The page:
@flarb  @LindsayMorton @flarb I agree. I think that a true entrepreneur will always find a way, no matter what. 


EXCELLENT post. I’ve seen many of these situations in my “accelerator” experience.


Fantastic article, when talking about the short term (3 month) sort of incubators.  Lots of answers to questions I’ve been asking lately, and it really helped me gain some insight.
I do think that the topic of longer term incubators that operate (often in Europe) over years rather than months have very different characteristics.


 @JohnGBeckett I’d actually be interested to learn more about the European incubator system. Any specifically that I should check out?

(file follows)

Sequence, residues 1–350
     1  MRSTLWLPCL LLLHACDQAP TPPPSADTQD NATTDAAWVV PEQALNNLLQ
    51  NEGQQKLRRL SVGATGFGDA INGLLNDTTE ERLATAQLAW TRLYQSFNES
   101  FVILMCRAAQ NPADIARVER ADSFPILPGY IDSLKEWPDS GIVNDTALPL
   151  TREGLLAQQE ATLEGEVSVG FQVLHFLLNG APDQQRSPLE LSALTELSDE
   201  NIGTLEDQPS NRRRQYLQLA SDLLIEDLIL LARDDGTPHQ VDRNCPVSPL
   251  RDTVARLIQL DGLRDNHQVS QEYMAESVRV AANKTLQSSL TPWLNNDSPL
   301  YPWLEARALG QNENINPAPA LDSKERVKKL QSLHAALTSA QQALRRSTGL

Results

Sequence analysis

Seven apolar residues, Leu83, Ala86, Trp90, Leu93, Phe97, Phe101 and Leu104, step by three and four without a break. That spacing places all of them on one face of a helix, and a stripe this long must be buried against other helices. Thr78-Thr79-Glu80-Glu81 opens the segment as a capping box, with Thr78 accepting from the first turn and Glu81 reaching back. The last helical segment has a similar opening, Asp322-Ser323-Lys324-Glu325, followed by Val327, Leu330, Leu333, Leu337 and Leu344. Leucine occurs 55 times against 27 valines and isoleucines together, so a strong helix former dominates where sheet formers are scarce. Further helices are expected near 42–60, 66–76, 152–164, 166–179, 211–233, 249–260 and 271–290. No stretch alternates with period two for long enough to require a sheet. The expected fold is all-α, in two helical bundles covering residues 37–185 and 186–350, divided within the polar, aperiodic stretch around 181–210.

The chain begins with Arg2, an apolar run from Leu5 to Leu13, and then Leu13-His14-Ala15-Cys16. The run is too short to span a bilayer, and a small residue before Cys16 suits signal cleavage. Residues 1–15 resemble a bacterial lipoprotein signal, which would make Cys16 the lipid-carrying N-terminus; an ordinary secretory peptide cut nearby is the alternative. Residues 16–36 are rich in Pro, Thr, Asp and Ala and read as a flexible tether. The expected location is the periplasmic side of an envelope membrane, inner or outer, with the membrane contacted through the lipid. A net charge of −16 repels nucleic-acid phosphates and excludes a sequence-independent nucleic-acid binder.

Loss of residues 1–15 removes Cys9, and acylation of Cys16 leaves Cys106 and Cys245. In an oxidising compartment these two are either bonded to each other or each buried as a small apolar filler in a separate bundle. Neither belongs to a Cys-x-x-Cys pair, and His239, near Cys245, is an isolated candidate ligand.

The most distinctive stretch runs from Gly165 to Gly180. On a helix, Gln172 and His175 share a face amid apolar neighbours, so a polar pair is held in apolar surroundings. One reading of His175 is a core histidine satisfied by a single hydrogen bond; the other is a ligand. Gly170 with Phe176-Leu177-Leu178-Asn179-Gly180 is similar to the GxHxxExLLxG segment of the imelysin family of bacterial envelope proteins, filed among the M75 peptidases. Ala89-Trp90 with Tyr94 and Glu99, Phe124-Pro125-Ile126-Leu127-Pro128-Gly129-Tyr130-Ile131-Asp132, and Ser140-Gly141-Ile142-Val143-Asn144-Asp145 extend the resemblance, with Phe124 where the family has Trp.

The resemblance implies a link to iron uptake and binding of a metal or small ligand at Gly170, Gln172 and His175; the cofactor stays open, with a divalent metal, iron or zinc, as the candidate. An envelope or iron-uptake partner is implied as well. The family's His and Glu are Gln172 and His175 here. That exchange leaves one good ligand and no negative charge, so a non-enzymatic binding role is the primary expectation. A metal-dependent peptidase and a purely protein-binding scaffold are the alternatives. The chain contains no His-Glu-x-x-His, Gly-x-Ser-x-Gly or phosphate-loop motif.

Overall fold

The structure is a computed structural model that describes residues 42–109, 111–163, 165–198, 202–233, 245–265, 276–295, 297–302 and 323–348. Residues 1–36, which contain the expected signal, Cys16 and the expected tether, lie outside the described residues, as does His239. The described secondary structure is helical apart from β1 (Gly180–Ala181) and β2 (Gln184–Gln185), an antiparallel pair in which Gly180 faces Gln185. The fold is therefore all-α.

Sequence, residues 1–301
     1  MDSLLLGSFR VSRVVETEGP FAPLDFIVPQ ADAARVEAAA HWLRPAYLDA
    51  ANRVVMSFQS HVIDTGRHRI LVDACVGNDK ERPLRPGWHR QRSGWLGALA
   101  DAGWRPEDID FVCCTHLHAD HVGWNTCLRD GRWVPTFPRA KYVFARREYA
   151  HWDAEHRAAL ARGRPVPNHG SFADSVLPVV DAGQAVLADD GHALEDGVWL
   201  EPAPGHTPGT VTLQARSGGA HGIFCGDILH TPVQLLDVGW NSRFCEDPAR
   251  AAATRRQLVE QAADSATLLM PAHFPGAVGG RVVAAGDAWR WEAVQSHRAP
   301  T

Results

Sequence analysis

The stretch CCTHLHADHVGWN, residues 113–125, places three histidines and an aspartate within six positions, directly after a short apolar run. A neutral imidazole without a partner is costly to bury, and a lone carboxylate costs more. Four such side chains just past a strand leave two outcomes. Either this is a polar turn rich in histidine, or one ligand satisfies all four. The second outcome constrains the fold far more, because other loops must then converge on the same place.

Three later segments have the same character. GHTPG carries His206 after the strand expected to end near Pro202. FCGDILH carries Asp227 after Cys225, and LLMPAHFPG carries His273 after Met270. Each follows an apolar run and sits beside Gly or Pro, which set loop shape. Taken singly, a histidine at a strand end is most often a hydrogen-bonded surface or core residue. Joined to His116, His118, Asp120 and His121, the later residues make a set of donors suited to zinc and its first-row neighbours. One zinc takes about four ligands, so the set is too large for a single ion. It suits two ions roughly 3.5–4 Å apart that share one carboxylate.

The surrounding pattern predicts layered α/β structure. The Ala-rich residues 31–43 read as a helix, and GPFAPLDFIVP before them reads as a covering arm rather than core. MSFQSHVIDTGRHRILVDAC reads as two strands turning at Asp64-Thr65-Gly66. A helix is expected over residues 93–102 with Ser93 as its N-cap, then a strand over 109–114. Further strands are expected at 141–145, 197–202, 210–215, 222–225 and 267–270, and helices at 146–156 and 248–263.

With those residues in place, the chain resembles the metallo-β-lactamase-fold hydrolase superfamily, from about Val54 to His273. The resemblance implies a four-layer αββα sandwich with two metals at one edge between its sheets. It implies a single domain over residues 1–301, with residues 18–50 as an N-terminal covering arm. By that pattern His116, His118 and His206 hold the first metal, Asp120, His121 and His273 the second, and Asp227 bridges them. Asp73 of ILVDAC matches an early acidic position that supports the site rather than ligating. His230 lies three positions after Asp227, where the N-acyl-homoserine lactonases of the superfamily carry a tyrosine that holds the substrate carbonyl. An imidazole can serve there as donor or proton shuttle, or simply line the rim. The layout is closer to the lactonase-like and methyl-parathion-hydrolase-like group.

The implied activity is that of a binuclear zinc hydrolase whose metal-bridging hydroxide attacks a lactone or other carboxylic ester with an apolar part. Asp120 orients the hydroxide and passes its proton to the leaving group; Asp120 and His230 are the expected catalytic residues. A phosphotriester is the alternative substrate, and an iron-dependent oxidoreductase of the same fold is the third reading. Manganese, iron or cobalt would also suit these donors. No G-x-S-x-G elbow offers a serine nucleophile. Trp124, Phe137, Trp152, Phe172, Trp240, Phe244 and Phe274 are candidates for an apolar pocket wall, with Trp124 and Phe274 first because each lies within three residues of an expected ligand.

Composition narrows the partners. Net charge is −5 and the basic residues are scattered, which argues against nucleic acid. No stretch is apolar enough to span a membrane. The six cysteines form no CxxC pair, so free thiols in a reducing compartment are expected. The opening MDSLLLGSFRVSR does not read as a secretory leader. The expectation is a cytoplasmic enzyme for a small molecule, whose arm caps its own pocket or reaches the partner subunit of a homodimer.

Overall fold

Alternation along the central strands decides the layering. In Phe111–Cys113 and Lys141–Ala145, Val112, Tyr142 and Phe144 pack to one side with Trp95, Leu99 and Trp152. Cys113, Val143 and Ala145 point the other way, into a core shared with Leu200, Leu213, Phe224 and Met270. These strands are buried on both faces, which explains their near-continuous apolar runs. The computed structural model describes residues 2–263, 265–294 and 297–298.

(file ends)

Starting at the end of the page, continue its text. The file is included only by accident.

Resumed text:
@kathrynhough If you’d like to know more about the European incubator system, drop me a message on twitter @JohnGBeckett.


yep i’ve been following Y Combinator, worked for a Y Combinator startup telecommute, and been involved as CTO of a local Tech Stars Network startup, and I believe there is a very large grain of truth in this article


Hi Kathryn,
Great article.  I think you bring up some good points.  
I would like to add that not all incubators are same.  
We at nReduce :
1) Don’t take equity
2) Don’t t require teams to relocate
3) Don’t force people to demo until they are ready
4) Focus on accurately depicting starts up to investors
Anyway, thanks for bringing up some great points about the status of the industry.


 @joemellin Great points Joe! Many incubators have different structures. I hope that new entrepreneurs pause and consider what is best for the business rather than getting blindly excited about an acceptance letter. I’ll be sure to check out your program and let other folks know about it as well.